From the Dean
Every day, our experts aspire to transform innovative ideas into tangible reality. … The possibilities are awe-inspiring.
Each year, the National Institutes of Health invests approximately $1.5 billion in stem cell research. Cedars-Sinai has been honored to be a recipient of some of these highly competitive funds, which have paved the way for exciting advances in the field of regenerative medicine.
Every day, our experts aspire to transform innovative ideas into tangible reality. We have entered an era when cell and tissue regeneration is both feasible and clinically relevant. We are utilizing newly regenerated tissues for accurate disease modeling, drug discovery, therapeutic trials, and more.
The possibilities are awe-inspiring. We now can grow a patient’s own diseased tissue in the laboratory, allowing us to revert the illness back to its early stages to understand the disease process, and, perhaps, reverse it. Recreating tissues and even producing organ facsimiles enable us to screen medications to identify the safest and best treatment protocols without exposing patients to potentially toxic side effects. In addition, many animal studies and proposed clinical trials are combining stem cell therapy with gene therapy to produce a gene that can be artificially inserted into a patient’s diseased tissue to activate a therapeutic growth factor (a naturally occurring substance that stimulates proliferation of cells involved in tissue healing).
At Cedars-Sinai, these scientific achievements have real-world implications for our patients with heart disease, amyotrophic lateral sclerosis (ALS), blindness, joint and vertebral dysfunction, inflammatory bowel disease, and other conditions.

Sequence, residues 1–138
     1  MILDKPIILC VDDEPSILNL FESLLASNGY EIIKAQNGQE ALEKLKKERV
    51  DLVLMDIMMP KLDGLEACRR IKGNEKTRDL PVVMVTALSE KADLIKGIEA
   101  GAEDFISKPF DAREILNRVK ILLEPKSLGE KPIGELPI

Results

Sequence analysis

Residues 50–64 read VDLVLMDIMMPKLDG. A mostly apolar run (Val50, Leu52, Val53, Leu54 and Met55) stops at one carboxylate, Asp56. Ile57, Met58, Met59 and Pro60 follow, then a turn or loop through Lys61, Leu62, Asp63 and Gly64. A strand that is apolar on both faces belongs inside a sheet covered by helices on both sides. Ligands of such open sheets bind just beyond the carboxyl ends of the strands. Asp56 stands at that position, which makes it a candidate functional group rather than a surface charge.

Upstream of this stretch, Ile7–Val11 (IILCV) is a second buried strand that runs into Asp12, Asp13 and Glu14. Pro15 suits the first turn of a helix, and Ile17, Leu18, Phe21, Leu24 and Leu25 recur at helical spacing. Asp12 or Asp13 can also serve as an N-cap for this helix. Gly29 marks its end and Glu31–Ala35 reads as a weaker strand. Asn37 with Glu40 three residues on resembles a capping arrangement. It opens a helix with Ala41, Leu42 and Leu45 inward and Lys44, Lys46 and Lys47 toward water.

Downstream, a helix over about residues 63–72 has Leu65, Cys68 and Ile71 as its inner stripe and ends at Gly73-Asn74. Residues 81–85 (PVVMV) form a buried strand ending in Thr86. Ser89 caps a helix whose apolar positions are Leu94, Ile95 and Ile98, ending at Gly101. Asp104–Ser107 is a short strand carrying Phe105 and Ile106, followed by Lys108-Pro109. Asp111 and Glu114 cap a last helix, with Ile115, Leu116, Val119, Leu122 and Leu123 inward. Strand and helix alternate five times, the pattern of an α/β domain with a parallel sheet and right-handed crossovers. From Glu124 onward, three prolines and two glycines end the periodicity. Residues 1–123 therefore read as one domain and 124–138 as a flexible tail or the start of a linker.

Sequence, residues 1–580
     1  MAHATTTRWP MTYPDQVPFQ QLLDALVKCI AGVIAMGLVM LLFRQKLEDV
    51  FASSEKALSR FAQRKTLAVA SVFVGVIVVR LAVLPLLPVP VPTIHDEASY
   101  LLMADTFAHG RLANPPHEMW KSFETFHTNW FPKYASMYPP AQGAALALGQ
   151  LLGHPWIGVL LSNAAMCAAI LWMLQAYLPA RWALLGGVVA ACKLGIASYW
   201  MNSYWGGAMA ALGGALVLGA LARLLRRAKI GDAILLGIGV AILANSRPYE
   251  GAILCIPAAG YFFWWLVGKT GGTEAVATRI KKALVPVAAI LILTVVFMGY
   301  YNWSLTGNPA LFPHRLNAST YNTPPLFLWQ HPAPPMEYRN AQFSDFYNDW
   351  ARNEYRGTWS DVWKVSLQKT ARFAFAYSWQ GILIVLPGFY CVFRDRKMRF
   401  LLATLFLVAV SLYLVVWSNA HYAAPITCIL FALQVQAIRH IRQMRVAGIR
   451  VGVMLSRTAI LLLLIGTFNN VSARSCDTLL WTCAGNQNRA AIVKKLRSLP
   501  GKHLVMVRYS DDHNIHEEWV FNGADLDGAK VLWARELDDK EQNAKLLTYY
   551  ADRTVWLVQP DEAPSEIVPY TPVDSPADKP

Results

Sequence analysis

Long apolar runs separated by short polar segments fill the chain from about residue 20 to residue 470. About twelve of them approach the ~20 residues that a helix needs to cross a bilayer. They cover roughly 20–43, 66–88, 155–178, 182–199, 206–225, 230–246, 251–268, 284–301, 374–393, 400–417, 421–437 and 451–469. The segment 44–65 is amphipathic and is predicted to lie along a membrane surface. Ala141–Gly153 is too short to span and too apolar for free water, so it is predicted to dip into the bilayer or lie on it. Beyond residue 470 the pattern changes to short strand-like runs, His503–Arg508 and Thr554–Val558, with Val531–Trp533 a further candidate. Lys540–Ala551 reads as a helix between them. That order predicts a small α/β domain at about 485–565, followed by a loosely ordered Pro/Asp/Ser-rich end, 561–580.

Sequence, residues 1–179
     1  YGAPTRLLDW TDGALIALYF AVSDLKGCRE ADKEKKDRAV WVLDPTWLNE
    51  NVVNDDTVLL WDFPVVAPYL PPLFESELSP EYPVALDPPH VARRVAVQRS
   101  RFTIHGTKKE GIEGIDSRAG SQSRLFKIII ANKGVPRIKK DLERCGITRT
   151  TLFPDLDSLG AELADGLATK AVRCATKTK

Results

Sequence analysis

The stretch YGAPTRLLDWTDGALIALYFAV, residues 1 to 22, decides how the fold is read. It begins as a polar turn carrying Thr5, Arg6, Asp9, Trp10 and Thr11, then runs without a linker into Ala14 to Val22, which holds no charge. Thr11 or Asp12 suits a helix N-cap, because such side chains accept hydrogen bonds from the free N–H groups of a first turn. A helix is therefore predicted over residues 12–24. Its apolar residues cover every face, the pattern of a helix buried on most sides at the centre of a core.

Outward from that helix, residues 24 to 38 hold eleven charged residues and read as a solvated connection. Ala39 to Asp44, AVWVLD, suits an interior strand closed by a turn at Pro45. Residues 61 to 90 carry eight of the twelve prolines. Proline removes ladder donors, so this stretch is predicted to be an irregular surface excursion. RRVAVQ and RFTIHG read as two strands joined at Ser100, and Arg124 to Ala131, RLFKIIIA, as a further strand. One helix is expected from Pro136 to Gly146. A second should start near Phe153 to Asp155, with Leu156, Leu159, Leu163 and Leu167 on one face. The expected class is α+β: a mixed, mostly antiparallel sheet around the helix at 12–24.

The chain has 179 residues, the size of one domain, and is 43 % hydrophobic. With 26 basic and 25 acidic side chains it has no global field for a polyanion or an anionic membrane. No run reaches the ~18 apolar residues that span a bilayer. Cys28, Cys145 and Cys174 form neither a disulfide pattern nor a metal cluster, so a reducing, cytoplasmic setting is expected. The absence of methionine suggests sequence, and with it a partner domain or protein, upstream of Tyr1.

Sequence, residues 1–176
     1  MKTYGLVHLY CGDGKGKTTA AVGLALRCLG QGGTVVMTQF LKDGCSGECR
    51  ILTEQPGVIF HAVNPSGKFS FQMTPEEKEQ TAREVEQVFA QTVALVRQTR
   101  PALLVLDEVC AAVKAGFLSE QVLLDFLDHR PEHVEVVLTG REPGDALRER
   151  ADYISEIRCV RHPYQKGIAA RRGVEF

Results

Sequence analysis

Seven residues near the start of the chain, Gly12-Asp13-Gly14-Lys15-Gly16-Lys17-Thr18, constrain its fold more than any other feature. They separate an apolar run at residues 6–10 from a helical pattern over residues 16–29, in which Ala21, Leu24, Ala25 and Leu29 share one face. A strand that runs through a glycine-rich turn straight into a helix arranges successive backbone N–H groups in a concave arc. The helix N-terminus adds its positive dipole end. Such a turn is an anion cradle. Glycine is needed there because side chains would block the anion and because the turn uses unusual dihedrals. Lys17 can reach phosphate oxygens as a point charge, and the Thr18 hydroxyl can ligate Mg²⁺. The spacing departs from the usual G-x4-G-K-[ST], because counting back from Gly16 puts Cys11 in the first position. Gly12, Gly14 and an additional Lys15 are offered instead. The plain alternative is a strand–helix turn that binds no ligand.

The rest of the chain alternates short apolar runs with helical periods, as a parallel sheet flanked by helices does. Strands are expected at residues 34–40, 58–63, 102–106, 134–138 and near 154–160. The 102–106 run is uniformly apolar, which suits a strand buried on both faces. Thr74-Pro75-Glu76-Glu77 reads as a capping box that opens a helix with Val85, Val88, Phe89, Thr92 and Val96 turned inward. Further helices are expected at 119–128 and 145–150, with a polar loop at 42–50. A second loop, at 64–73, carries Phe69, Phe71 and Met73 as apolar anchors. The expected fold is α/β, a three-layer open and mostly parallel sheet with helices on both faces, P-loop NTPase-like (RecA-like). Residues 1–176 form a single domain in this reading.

In this issue of Discoveries, you will read about our progress in leveraging leading-edge cardiac stem cell technology to combat Duchenne muscular dystrophy, a genetic disorder characterized by progressive muscle degeneration and weakness. Another story highlights the role regenerative medicine may play in unlocking the mysteries underlying idiopathic pulmonary fibrosis, a chronic and serious lung disease.
The future is already here at our doorstep. At Cedars-Sinai, our distinguished researchers and physicians are harnessing their skills and experience to break ground on novel discoveries and expanding opportunities to improve and extend patients’ lives. This is the hallmark of our work: driving innovation to make a meaningful difference for the people who rely on us each day. On their behalf, we will continue to broaden our investigations into regenerative medicine and collaborate with colleagues from across the nation to chart a healthy and vibrant future for all.
Shlomo Melmed, MD Executive Vice President, Academic Affairs Dean of the Medical Faculty Helene A. and Philip E. Hixon Distinguished Chair in Investigative Medicine